by James Oseland
Back then, you were a chameleon.
Like most teens, you spent time blending in through different personas. One day, you were this kind of kid; another day, you were that kind; next week one, then another, as if you had a rack full of roles to try on and years to do it. In the new memoir “Jimmy Neurosis” by James Oseland, punk rock helped.
Moving again should have been no surprise for young Jim Oseland.
His father had always been somewhat of a nomad; in each new town, just as the family got settled, it seemed as though the first plan was to move again — although this time was different. This move was to California, and Oseland’s dad said he no longer wanted a family. Dad was staying in Minnesota.
Just 13, Oseland hoped to fit in with his new ninth-grade California classmates at San Carlos High, but he realized on the first day that it wouldn’t happen. Still, over time, he managed to make friends with a boy who dealt weed; and with a tall Marilyn-Monroe-ish exchange student who invited Oseland to explore the world of punk rock.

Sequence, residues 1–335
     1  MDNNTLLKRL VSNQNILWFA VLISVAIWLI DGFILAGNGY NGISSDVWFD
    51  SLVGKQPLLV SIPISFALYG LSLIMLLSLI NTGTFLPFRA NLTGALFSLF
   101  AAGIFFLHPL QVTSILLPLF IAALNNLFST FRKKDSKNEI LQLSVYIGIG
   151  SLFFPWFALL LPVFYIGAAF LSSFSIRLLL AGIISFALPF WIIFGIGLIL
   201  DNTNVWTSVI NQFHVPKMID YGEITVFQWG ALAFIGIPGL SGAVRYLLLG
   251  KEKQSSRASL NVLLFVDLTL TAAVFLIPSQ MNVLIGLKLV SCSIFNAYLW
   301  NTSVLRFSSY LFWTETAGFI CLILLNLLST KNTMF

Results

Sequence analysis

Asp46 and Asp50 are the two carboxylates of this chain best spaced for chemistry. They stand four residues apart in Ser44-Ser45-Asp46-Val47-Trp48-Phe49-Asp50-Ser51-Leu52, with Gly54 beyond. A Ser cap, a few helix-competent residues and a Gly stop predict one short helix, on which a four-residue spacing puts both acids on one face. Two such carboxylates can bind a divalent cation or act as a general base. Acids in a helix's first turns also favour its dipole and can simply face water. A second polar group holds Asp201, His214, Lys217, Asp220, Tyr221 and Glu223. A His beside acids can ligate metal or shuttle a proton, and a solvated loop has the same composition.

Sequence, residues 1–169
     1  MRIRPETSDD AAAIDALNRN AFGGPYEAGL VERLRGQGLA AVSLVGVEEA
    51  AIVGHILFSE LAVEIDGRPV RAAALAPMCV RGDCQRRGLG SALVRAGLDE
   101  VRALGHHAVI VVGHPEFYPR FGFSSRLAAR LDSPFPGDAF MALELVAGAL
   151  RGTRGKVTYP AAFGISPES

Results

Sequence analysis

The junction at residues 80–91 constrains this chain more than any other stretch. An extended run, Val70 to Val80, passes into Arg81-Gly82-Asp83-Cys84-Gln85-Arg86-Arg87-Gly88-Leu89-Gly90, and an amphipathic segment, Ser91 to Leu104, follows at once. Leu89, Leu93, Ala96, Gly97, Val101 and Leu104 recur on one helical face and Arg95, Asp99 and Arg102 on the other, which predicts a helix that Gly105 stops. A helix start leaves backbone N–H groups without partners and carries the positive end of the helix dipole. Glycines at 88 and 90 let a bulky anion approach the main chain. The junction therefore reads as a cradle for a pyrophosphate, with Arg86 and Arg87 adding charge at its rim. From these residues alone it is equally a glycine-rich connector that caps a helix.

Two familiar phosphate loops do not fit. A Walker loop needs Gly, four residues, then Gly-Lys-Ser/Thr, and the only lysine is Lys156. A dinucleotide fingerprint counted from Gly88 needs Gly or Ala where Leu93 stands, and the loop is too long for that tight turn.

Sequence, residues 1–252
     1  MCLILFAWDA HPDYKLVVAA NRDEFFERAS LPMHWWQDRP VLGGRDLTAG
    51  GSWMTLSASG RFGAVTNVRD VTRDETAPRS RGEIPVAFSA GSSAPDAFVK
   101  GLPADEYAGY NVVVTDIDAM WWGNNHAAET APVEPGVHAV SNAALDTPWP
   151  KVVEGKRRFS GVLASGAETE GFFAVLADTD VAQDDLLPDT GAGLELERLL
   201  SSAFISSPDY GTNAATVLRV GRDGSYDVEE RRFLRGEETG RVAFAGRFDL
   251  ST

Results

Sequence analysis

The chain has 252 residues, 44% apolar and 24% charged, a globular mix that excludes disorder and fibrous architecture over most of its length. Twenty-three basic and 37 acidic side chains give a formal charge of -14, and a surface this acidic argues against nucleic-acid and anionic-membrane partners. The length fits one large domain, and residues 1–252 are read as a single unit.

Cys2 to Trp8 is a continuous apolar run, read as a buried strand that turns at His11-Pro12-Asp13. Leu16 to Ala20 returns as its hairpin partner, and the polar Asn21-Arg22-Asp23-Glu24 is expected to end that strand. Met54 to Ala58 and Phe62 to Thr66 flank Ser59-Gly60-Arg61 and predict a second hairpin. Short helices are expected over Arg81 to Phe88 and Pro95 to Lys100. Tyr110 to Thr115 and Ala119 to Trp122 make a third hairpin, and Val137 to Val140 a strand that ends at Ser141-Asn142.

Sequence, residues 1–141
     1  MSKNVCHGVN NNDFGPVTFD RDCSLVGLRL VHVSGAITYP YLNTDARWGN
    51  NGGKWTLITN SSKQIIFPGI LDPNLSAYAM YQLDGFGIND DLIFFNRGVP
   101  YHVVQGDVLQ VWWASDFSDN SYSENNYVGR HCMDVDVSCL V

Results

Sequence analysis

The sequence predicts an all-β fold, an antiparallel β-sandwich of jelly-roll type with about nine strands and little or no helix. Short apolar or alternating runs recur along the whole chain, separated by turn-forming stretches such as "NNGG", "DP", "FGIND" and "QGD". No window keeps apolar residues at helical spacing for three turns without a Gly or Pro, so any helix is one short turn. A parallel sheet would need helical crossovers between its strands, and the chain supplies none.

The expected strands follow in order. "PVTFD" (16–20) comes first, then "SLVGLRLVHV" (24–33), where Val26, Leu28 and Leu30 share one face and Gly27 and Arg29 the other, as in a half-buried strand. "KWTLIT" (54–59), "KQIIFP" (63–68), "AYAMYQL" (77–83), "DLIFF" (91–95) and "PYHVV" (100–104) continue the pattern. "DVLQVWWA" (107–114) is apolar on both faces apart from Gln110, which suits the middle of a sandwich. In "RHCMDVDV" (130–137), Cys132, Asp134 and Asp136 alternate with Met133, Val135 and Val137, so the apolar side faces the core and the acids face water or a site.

The music, the moshing, and the clothing were all things he’d seen on TV in Minnesota, but the culture was attainable in California. In club after club, 15-year-old Oseland was welcomed for his uniqueness; not fitting in seemed to be the whole point. He even felt comfortable enough to admit, out loud, that he was gay.
It was something Oseland had known since he was very small, but he couldn’t articulate it until he was welcomed into the world of punk rock. And he blossomed.
“Gone,” he says, “was the shy, awkward boy, to be replaced by someone with sharper edges.”
He gained a “boyfriend” who was more than twice his age and, after the boyfriend moved to New York, Oseland followed. When that relationship soured, the 17-year-old returned to California, with a germ of an idea.
California had changed. Punk rock had changed. And so, again, did Oseland.